Dogs pant for various reasons, such as cooling off their body after a great jog.
But if your dog is panting without physical exercise provoking that, then there could be something wrong. This is especially true if you are in the process of getting your dog used to their crate.
Generally, dogs pant in their crate when they overheat, are anxious, thirsty, nauseous, or have an allergic reaction. You can remedy this by checking to make sure the crate is at a comfortable temperature, working with a trainer to fix anxiety, offering water, or checking for medical problems.
In this article, I’ll clear up any woes you may have about your dog panting - and give you advice on how to get them to stop.
Ready? Let’s dive in.
Unless your dog has been chasing their tail for the past hour, there aren’t really any positive reasons as to why your dog would be panting in their crate.
Here are a few reasons that may be causing the tongue to flop out of the mouth.
Generally speaking, if you see your pup panting excessively, you should first check the temperature.
Contrary to popular belief, crates can get too hot (even in colder climates)!
If the panting is paired with drooling, heavy breathing, lethargy, disoriented behavior, or vomiting, the overheating has gotten to a dangerous level.
Certain dog breeds are more prone to overheat than others, so monitoring your dog’s breathing can be important. For example, breeds intended to live in cold climates, such as Malamutes and Samoyeds, are the most apt to overheat. Same with breeds whose breathing can be more difficult (therefore difficult to regulate temperature), such as bulldogs.
Heatstroke is very serious in our four-legged friends. If your dog is on the verge of internal shutdown from the crate being so hot, you will see pale gums, confusion, vomiting, and lots of drool. Getting your dog to the vet is pretty key here.
Sometimes panting is as simple as being thirsty.
This is why it’s pretty important to be in the know about how much water your dog is drinking! Just like us, water makes up a big portion of their body - and without it, the body cannot function. Dehydration is quite dangerous.
Panting is a strong indicator that your dog hasn’t had enough water. If you close your pup in the crate without water, they may be trying to show that they’re thirsty.
Some dogs are good with water in their crates, while others are not; determining if you should crate your dog with a bowl is pup-dependent.
Panting can signify anxious behavior, especially if it is paired with other anxiety symptoms. Other signs of anxious feelings include drooling, destruction (such as chewing at the crate), pottying in the crate, or whining.
During crate training, not all puppies may be very receptive right off the bat - they can become anxious and stressed. Panting tends to be one of the first signs of this, assuming you’ve ruled out other reasons (such as temperature and lack of water).
Dogs express feeling unwell a bit differently than people do.
If your dog is panting paired with lethargy or hanging the head low, they may be feeling nauseous.
This could be caused by eating something the tummy didn’t agree with, catching a stomach bug, or a serious internal medical condition.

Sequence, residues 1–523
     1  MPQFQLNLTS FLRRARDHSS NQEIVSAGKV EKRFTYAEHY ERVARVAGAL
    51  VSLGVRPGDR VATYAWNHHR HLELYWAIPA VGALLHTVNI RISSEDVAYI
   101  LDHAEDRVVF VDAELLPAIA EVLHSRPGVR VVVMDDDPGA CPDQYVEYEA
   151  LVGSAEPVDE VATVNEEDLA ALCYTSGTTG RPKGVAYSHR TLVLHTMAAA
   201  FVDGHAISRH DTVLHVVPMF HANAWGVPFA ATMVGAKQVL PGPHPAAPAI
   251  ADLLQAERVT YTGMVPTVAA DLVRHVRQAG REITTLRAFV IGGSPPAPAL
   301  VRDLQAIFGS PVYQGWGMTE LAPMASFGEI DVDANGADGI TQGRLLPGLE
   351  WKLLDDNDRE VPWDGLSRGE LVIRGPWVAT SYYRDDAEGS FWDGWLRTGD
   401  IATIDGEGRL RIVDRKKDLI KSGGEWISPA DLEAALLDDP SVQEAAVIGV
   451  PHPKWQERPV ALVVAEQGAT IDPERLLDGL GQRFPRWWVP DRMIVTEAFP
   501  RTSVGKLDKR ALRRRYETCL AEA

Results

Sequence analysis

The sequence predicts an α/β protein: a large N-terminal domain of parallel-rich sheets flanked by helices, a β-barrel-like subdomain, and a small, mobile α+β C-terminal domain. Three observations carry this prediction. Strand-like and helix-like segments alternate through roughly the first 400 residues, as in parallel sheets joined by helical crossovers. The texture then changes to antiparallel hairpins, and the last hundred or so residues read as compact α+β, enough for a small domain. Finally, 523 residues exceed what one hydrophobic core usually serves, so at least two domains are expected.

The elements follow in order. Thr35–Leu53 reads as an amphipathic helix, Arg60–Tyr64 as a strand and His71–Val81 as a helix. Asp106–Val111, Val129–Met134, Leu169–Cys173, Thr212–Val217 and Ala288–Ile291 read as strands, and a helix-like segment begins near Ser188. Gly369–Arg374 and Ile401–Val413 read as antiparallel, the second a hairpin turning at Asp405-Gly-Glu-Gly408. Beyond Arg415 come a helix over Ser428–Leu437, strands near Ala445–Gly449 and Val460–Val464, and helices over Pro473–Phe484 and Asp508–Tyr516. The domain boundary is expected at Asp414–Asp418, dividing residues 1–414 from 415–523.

Panting can sometimes be caused by an allergic reaction to something inside the dog’s crate.
Some dogs will also pant profusely if they desperately need to go to the bathroom. This can be linked to anxiety over not wanting to soil their crate but also the need to go really badly (something we can all relate to)!
This is another reason being attentive to your dog’s potty needs and making a bathroom schedule is a good idea.
Once you sort out what could be causing the crate panting, you can take the necessary steps to get your pup feeling better.
First thing is first, check the crate temperature!
As a matter of fact, I have an entire article dedicated to crate temperature. In shorthand, you can keep a crate cool by strategically placing the crate, using a fan, adding cooling mats and beds, and using a breathable blanket or reflective shade cloth.
If your dog has severe crate anxiety or separation anxiety despite all of your efforts, getting a dog trainer specializing in mediating this problem is a great idea.
Severe anxiety behavior can cause health issues in your pup, so sometimes doing it on your own can be damaging.
Make sure the trainer you work with is licensed, certified, or schooled and is specifically knowledgeable on anxious behaviors in dogs. Listen to the trainer’s advice and make sure you follow their direction - consistency is key!
Keeping your dog well-watered is an important part of keeping them healthy.
The general rule is that a dog should drink an ounce per pound that they weigh.
Although we probably don’t measure how much water is given to the dog, you should be able to eyeball it fine.
Very active dogs, those with a medical condition or are pregnant, or nursing will be drinking much more water than the average house pet.
As with any odd behavior, visiting the vet may be a good idea to rule out possible medical problems.
Some conditions can be serious, such as poisoning, which causes panting, or others can be minor, like just feeling a bit nauseous.
Panting is a key sign of not feeling well, so a check-up to ease the mind is worth doing!
Then, once the medical component is ruled out, you can look into other remedies.